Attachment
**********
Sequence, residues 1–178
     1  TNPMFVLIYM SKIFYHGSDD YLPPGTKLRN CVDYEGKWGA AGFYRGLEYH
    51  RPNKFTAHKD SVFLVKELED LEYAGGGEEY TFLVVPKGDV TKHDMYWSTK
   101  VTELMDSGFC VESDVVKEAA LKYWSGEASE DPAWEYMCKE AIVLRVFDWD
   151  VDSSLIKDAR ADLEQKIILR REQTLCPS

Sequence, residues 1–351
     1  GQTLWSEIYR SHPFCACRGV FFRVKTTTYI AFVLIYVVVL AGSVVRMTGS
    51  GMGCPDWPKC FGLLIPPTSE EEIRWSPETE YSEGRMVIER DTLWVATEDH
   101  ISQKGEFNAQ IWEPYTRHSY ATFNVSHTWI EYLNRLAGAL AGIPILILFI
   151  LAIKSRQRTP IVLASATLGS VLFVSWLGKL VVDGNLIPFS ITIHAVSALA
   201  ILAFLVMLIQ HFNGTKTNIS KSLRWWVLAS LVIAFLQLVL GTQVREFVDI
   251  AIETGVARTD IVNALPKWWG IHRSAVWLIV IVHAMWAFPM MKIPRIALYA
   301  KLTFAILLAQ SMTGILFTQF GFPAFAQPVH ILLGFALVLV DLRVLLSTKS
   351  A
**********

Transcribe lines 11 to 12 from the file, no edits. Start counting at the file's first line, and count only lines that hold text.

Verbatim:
   201  ILAFLVMLIQ HFNGTKTNIS KSLRWWVLAS LVIAFLQLVL GTQVREFVDI
   251  AIETGVARTD IVNALPKWWG IHRSAVWLIV IVHAMWAFPM MKIPRIALYA